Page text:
and i think as a travel destination, as long as the flatness is ok (i love mountains and riding up and down) i think Holland is a great cycling choice! just get out of the cities and the bike traffic is usually light enough that you can cruise. now i'm not so sure i would recommend a Cat 1 bike club do their trainnig there (but since it's flat they probably would want something more challenging anyway). and cycle touring is well supported.
    why drive when you can ride?
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  22. #22
    Bike Happy DanFromDetroit's Avatar
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    From the pictures posted here and most of the other bike-related photos of Holland, Almost all the bikes appear to be middleweights of the "English Racer" sort of variety.

    I understand that for utility cycling that chainguards, racks, and fenders are required, but I would think that if you spend alot of time in the saddle that a modern lightweight road bike or hybrid would be what you would want to ride.

    Another thing is that I don't see many cycle specific adaptations to clothing. So I am guessing that most of these folks are riding very short distances.

    Can someone who has been there clarify this for me ?

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  23. #23
    cycle-powered nathank's Avatar
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    well, maybe someone who lives there can provide more info, but from my observations as a tourist:

    From the pictures posted here and most of the other bike-related photos of Holland, Almost all the bikes appear to be middleweights of the "English Racer" sort of variety.
    yes, there is a "dutch" bike that you see all over the place - black and made of heavy steel - when i was first in the Netherlands i wondered why all the bikes were so old - most looked like they were 20 years old or whatever -- then i saw the same bikes NEW in the shop. there are some lighter and better bikes, but the vast majority are the standard heavy "city bike". and i might add these are much heavier and old-fashioned looking than the "city-bikes" that one sees in Germany which often times are quite well made with lightweight parts and high-performance parts. also, many Germany ride nice "touring" bikes for use in the city - seems like a better choice.

    I understand that for utility cycling that chainguards, racks, and fenders are required, but I would think that if you spend alot of time in the saddle that a modern lightweight road bike or hybrid would be what you would want to ride.
    well, i personally agree - as i use my old aluminum hardtail as my commuter and my old old steel mountain bike as my beater. both are outfit with fenders and rack but i like riding them a LOT more than the heavy unk they ride in Holland... and as i said, in Germany the city bikes and touring bikes sold in the local bike store are MUCH better than what i saw in Holland... so no idea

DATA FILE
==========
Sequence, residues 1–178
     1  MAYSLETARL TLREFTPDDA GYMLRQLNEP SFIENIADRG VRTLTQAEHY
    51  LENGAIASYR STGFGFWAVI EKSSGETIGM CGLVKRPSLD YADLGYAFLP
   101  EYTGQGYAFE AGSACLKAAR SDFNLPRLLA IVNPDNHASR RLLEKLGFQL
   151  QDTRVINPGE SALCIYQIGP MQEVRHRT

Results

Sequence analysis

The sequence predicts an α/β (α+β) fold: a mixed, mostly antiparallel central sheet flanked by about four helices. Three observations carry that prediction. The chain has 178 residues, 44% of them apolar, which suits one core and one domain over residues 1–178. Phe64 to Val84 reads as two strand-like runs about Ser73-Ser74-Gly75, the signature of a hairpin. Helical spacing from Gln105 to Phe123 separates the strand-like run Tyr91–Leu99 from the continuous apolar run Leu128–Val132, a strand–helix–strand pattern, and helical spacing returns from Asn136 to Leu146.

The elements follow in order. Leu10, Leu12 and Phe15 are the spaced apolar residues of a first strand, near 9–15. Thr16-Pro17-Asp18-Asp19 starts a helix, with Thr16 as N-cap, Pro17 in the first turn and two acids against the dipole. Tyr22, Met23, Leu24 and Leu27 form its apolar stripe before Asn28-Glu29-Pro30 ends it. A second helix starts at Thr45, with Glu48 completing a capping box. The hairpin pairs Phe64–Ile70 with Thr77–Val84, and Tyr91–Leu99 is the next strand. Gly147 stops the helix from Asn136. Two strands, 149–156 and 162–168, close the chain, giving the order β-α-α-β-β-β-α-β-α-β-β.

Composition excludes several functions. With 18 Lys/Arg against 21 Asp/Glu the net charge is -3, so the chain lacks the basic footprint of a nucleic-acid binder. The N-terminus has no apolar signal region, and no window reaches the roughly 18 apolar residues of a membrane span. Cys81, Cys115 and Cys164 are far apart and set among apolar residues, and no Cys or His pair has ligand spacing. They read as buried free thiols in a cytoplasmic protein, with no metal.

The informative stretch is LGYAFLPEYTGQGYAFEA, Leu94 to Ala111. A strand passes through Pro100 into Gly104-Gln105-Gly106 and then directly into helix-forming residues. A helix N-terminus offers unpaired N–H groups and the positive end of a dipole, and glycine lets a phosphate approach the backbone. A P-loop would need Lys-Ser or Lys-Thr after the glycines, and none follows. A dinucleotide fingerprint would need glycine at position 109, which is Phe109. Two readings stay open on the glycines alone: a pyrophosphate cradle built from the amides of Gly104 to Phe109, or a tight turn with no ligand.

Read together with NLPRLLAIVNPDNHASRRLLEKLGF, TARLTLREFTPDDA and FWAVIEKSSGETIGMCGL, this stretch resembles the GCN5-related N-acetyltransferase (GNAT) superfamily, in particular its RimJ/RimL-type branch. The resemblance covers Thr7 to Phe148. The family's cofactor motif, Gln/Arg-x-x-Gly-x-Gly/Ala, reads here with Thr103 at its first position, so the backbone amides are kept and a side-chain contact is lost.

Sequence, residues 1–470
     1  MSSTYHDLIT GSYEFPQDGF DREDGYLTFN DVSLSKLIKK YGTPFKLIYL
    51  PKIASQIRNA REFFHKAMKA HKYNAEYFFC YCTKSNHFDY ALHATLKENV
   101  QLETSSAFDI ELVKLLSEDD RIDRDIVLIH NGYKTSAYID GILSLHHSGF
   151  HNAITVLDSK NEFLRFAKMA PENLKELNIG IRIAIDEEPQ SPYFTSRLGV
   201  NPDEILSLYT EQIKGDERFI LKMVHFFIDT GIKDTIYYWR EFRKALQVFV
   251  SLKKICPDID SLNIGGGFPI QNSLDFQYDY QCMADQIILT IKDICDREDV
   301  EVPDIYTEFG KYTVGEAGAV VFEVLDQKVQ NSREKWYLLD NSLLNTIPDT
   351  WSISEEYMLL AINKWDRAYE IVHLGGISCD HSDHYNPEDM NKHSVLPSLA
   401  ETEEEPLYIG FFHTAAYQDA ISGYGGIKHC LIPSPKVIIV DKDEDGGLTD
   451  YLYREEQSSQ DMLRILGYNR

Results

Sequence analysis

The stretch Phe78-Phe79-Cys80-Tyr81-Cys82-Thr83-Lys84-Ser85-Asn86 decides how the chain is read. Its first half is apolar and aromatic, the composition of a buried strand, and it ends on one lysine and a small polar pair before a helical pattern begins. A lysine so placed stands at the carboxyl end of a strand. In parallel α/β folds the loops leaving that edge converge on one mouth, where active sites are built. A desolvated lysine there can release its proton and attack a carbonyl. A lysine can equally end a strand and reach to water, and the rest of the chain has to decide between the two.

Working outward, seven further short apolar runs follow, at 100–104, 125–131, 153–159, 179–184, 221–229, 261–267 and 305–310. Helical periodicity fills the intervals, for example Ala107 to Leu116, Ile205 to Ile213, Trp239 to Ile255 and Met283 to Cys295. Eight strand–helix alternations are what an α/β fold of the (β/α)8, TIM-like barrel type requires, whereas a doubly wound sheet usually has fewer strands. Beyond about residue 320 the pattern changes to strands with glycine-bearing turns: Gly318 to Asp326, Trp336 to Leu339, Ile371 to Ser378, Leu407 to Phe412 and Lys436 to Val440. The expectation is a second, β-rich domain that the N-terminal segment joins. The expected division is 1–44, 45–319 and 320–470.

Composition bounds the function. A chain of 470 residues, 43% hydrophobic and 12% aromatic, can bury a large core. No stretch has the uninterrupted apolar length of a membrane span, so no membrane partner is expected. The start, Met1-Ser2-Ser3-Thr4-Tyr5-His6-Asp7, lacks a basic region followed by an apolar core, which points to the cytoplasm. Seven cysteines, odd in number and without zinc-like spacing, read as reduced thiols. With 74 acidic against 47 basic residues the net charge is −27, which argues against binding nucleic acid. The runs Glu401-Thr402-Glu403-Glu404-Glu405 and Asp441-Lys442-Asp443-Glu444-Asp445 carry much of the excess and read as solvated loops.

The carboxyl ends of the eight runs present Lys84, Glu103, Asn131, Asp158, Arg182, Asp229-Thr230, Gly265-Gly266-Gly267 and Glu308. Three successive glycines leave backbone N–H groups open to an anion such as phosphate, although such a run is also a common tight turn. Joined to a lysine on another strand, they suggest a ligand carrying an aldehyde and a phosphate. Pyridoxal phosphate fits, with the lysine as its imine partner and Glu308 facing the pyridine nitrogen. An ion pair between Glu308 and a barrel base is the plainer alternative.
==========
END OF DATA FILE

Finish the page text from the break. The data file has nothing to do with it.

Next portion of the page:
Another thing is that I don't see many cycle specific adaptations to clothing. So I am guessing that most of these folks are riding very short distances.
    i'm sure there are more serious cyclists who were cycling specific clothing, but yes, the majority just wear jeans and regular clothes or whatever...

    i think a large percentage of the cycling trips are short - going to school or in the neighboorhood, but there are also people who ride further...

    i visited a friend in Holland a while back and i was surprized that he was a pretty strong and fit cyclist even though he wore regular clothes and rode a heavy bike... we did a multi-hour tour and he had on a regular button-down shirt and regular shorts and running shoes... he does long cycling tours and i don't think he even owns lycra shorts or a bike jersey or bike gloves (things which i wear for almost any ride over about 15 minutes)

    i got the impression that compared to much of the rest of Europe that i know better (Germany, France, Spain, Italy), there are more overall cyclists, but far fewer "serious" cyclists doing long rides and serious training. in Spain and Italy there are very few "regular" people on bikes, but TONS of sport cyclists in lycra - actually i think in Spain and Italy you see almost ONLY really top hihgly trained cyclists. and Germany and France both have a lot of "regular" people on bikes but fewer than Holland, but also FAR more serious sport cyclists wearing lycra or riding in club rides or whatever. oh, just for comparision, i'd say the US, Canada and Australia have even fewer "regular" cyclists and then close to a majority of adults on bikes are "serious" or "semi-serious". anyhow, this is only my impression and it's hard to generalize as each place is unique.
    why drive when you can ride?
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  24. #24
    Every lane is a bike lane Chris L's Avatar
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    Originally posted by nathank
    ChrisL,

    as i think you might be referring to some of my comments as well, i thought i would comment:

    i think the Dutch system has a few flaws which would best be corrected if it is used a THE MODEL (like the law that bike paths are MANDATORY and only motor vehicles are allowed on the roads), but the overall system is pretty great! it really encourages cycle usage by normal people and children and families.
    We've had a few members from Europe over the time I've been on the forums, but the mandatory part of the system is primarily what I was referring to. If they were provided as an option I would have no problem. However, if they are mandatory and you're trying to go somewhere there isn't a path, I guess you're just out of luck.
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  25. #25
    The Flying Scot chewa's Avatar
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    NathanK I think only some of Hollands bike paths are mandatory, not all. I think it depends on the colour of the sign.
    plus je vois les hommes, plus j'admire les chiens